When Apple announced the iPad, many executives in the publishing industry voiced high hopes for the tablet device. "This could be the technology that helps us capitalize on digital," they effectively said in one way or another.
Of course, today we know that the iPad isn't a panacea for traditional publishers. That, of course, doesn't mean that tablet devices aren't important to them, or that they should abandon all hope.
But how much hope is too much hope?
Here's a question most publishers would love to have an answer to: what's the secret to building a successful pay wall?
Although one might expect major publishers like the New York Times to eventually provide the answer, newspapers in Slovakia may have beat their Western counterparts to the task.
When it comes to online content, consumers by and large prefer to pay for it in attention rather than currency. As a result, it's no surprise that far more publishers have built successful ad-based business models than paid content business models.
Advertising, of course, usually isn't a path to easy money for publishers. Yes, advertisers love the internet, but digital still accounts for a minority of total ad spending, and advertisers generally pay less for digital ads than traditional ads.
Publishing may be a tough business all around these days, but thanks to the internet, there are more publishers than ever.
Many of them won't survive, of course. And the ones that die won't just be traditional publishers that fail to adapt to the internet; there are plenty of digital publishers making potentially fatal mistakes too.
Despite the hype, tablets are still most accurately described as a 'niche' market. But that market is expected to grow really, really fast.
That's according to a study (PDF) conducted by the Online Publishers Association (OPA) and Frank N. Magid Associates, which sees 54m Americans owning or using tablets by early 2012, up from 28m today.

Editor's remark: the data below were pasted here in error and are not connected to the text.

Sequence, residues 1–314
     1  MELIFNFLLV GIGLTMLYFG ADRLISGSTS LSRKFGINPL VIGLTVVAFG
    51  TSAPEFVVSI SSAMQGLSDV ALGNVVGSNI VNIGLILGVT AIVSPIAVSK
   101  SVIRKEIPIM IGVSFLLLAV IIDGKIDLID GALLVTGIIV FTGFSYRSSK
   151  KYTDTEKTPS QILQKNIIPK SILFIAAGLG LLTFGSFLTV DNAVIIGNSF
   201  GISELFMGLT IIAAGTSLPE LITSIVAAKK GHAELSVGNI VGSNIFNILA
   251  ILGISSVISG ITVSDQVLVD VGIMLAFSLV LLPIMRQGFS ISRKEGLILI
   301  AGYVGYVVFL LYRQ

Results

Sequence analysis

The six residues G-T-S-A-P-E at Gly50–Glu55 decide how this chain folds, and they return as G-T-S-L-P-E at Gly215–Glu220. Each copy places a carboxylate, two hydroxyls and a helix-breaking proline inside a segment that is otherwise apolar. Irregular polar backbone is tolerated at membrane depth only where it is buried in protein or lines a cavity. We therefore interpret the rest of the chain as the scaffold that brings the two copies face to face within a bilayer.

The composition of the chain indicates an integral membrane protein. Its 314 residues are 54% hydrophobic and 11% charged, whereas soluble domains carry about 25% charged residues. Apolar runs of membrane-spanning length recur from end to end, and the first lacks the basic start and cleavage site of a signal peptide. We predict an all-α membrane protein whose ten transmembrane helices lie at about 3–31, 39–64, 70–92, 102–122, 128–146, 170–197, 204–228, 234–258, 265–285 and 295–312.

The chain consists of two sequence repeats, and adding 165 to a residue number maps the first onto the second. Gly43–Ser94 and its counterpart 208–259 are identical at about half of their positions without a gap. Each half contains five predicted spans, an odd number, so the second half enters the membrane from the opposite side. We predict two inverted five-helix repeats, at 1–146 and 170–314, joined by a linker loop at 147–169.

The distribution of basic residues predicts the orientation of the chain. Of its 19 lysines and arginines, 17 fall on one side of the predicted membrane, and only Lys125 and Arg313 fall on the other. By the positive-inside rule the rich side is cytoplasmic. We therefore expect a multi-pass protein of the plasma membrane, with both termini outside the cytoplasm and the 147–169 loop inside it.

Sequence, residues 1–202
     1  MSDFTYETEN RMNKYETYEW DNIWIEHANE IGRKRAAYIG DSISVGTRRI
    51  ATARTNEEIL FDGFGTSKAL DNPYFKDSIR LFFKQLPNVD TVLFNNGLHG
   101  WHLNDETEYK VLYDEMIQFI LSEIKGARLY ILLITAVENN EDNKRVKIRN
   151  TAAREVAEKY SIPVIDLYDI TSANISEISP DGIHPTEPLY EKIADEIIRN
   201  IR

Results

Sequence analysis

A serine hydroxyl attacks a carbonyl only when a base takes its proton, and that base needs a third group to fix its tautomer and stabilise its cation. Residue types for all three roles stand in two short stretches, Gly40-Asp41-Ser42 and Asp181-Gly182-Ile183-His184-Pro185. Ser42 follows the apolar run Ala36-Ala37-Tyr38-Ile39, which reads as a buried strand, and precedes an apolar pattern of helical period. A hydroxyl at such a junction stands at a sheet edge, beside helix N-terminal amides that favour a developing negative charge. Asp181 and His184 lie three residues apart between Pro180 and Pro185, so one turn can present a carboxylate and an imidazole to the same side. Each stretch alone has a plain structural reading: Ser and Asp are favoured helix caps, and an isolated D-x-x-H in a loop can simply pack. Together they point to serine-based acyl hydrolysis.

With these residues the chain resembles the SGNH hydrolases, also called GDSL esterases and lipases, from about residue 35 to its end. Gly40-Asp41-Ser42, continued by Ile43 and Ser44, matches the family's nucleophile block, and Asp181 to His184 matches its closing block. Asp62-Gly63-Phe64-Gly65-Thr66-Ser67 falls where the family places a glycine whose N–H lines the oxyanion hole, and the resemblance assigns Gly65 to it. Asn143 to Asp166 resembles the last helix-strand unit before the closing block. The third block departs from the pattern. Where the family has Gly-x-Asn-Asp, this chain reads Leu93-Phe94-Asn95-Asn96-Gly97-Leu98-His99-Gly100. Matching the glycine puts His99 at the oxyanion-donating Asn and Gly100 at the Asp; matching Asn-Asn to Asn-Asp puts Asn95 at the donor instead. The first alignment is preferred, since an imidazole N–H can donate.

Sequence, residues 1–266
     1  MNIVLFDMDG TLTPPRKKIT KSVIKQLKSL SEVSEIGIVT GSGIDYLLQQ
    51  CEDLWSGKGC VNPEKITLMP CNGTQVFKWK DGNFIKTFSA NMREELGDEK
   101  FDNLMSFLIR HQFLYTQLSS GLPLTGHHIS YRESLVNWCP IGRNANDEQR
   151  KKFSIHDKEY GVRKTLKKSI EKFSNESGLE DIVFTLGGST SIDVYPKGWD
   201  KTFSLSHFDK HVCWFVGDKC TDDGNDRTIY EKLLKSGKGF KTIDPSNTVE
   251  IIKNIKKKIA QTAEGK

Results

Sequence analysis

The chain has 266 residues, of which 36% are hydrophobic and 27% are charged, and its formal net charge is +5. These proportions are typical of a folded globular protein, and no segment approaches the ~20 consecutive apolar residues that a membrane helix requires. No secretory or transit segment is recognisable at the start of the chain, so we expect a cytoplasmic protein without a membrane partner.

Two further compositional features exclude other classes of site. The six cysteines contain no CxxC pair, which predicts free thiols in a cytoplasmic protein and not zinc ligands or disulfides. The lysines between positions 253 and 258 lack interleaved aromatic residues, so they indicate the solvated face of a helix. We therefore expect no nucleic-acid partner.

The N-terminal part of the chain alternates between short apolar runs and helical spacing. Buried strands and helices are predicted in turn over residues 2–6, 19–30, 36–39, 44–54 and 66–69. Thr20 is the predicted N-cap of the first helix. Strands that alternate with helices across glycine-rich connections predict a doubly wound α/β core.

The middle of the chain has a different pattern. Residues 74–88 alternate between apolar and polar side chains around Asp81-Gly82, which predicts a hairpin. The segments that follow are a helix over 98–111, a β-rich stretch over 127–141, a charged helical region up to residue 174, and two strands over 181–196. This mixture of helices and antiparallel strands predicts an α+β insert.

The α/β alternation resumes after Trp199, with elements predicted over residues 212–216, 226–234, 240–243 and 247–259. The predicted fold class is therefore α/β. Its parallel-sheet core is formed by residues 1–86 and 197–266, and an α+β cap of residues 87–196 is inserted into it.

The iPad is a source of hope for many traditional publishers. Which explains why publishing moguls like Rupert Murdoch are investing lots of time and money into the tablet device.
But not all iPad strategies are created equal, and one of Murdoch's newspapers, the New York Post, may have the dubious distinction of executing the dumbest iPad strategy yet.
That strategy: in an effort to get readers to pony up for the newspaper's $6.99/month app, block the Safari browser on the iPad from accessing content on the nypost.com website, content that's freely available via any other browser.
Newspapers need help anywhere they can get it, and the Audit Bureau of Circulations is trying to help. Recently, it updated the rules it uses to calculate newspaper circulation.
One of the changes: free copies given to local schools and newspaper employees are now counted.
That should help, right? Apparently, it's not that easy. Despite the Audit Bureau of Circulations' good intentions, newspaper circulation in the U.S. continues to decline.
Faced with the reality that viable businesses require revenue, more and more newspapers and magazines are erecting pay walls on their websites.
But paid content isn't a panacea, and it's far easier -- and more comfortable -- to erect a pay fence. Case in point: the New York Times, whose new pay wall features enough holes to fit a truck through.
The internet has popularized the freemium model like no other channel,
but building a successful business on this model can be quite a
One company that has succeeded: Spotify, the Swedish company that has become Europe's most popular music streaming service.
Google has accomplished a lot in the mobile space thanks to its mobile operating system, Android, but when it comes to building a platform that developers want to develop for, Android still lags behind Apple.
Unlike Google, Apple has thrived at building an ecosystem in which consumers not only use applications, but purchase them.